To my pool store owner, nothing is more important than my pool and my money.

#12 chem geek

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Posted 16 June 2007 - 03:21 AM

Jerry,

Your comments regarding maximum chlorine levels are appropriate for water that does not contain any CYA in it or for water that is consumed by drinking it (i.e. tap water). It does not apply for pools that use CYA since it is the disinfecting chlorine (hypochlorous acid) level that is the disinfectant, inhibits and kills algae, and is the oxidizer that damages skin, etc. See this link for more technical info on the CYA/chlorine relationship including a spreadsheet that calculates the disinfecting chlorine level. Essentially CYA combines with most of the chlorine to form what are called chlorinated isocyanurates and these are not effective sanitizers nor prevent algae nor irritate the skin. They can be best seen as a chlorine "buffer" since they release chlorine as hypochlorous acid as it gets used up (i.e. it's an equilibrium with a relatively fast half-life of 0.25 to 4 seconds -- i.e. half of the buffer can be released to chlorine in seconds).

The common standards for pools do not take into account the combination of CYA and chlorine levels and that is wrong. By trying to oversimplify by just setting ranges for each parameter separately, pools with high CYA (around 100) and recommended FC levels of 2-3 ppm can get algae and there are numerous reports of this on multiple pool forums. Maintaining higher FC levels at higher CYA levels as shown in this chart prevents algae (at a minimum of the "0.03" column for disinfecting chlorine level for manually dosed pools -- SWG pools seem to be able to get away with the "0.02" column most of the time). Obviously one shouldn't follow the chart for low CYA levels since one still needs a buffer of chlorine in the pool as it gets used up locally, so a minimum of 2 ppm FC regardless of the chart value is appropriate (unless alternative systems are used to handle some of the chlorine demand, mostly from oxidizing organics, and to inhibit algae so metal systems or ozonators, etc.).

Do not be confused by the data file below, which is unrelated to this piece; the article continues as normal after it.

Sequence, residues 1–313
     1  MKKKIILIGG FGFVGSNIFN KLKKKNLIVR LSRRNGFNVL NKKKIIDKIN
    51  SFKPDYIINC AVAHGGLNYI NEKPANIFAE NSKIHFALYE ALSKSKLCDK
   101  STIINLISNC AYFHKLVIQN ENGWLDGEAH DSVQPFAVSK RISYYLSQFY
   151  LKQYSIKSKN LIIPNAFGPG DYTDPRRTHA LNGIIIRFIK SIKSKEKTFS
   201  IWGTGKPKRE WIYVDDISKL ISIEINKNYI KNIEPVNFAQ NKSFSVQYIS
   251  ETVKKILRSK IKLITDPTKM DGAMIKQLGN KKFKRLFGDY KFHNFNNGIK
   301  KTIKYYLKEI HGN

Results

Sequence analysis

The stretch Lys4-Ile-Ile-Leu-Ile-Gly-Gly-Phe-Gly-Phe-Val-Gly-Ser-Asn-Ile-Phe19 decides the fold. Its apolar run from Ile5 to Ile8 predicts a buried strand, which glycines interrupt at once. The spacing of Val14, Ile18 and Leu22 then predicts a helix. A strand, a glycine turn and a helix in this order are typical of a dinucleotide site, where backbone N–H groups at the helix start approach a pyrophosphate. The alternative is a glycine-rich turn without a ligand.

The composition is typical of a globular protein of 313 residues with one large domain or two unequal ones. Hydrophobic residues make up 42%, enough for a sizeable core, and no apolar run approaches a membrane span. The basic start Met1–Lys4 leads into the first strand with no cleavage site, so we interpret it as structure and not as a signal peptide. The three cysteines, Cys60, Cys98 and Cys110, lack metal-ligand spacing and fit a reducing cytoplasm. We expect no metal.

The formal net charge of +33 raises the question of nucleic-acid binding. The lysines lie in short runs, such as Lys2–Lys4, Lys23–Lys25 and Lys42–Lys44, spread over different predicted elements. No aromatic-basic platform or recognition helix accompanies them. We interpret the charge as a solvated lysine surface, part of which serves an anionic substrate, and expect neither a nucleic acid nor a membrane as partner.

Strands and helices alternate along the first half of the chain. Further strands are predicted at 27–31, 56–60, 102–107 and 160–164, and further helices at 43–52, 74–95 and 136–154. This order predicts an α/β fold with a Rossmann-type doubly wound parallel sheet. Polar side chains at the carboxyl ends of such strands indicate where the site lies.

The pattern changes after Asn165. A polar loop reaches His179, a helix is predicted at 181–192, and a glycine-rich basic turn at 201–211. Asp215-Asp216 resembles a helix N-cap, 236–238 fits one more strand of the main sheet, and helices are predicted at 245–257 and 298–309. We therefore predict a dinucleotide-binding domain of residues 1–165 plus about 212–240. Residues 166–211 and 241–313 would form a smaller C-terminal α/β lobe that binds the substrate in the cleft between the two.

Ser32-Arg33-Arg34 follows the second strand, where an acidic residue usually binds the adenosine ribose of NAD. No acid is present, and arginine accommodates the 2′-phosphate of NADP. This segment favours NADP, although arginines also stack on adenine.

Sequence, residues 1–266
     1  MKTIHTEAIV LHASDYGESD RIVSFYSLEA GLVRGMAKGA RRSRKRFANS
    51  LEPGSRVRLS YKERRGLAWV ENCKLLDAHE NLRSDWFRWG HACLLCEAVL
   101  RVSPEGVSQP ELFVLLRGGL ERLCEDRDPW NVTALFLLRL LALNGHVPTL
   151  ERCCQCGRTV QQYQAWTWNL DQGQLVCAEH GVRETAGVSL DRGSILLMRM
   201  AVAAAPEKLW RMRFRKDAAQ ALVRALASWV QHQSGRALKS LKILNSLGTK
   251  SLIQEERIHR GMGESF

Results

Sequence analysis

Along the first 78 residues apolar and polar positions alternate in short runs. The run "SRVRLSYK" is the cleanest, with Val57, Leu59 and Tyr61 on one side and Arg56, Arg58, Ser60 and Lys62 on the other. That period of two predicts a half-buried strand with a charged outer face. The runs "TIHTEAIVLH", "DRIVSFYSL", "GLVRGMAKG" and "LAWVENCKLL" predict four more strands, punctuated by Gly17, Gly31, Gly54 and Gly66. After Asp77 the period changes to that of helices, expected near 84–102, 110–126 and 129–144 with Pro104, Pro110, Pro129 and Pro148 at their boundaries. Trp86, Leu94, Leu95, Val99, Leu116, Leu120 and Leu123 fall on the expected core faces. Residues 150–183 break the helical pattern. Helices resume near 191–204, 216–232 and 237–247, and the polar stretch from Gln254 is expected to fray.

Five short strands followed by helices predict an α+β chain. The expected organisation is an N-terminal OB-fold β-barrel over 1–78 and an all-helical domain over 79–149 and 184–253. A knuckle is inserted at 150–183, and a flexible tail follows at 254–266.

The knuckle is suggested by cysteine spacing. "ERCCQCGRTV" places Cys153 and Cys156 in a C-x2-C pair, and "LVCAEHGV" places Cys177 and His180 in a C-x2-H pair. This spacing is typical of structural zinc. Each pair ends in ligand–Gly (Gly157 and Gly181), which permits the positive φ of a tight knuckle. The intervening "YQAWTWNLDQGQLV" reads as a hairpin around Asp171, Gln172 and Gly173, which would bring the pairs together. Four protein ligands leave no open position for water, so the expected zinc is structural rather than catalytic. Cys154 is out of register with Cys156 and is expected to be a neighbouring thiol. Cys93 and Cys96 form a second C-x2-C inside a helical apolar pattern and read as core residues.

Spas are a different animal due the bacteria that causes hot tub itch that requires higher disinfecting chlorine levels to kill, but I've talked about that in other posts on this forum. This post is an early one on this forum that talks about this including some other references to the CYA/chlorine relationship. I started getting involved with this about 2 years ago when I had problems with my own pool when the CYA levels went way up due to using Trichlor tablets and having a cartridge filter (so no backwashing).

My wife uses a local indoor pool during the winter and that pool has around 2-3 ppm FC with no CYA. Her swimsuits degrade over a single season and her hair dries out considerably. During the summer (actually, around 7 months) in our own outdoor pool with 3 ppm FC and 20-30 ppm CYA she experiences no degradation of swimsuits and her hair does not dry out (in both winter and summer she does take a shower to at least rinse off after swimming). The difference is that the indoor pool has over 30 times as much disinfecting chlorine since it has no CYA which means the chlorine reacts to oxidize organics in rubber and dye in swimsuits 30 times faster as well as proteins and other organics in hair.

Richard

#13 Alan

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Posted 16 June 2007 - 06:38 AM

WOW! I didn't mean to cause such a controversy. Granted I'm a Newbie and just trying to understand basic water pool maintenance. Waterbear, sorry you had to get into such an arguement with such a "know it all". Thankfully my comrehensive skills are good enough to see he is low class and thats OK, Live and let live is my motto. Its clear to me as a newbie waterbear and chemgeek have the experience and know how and I thank you for your help.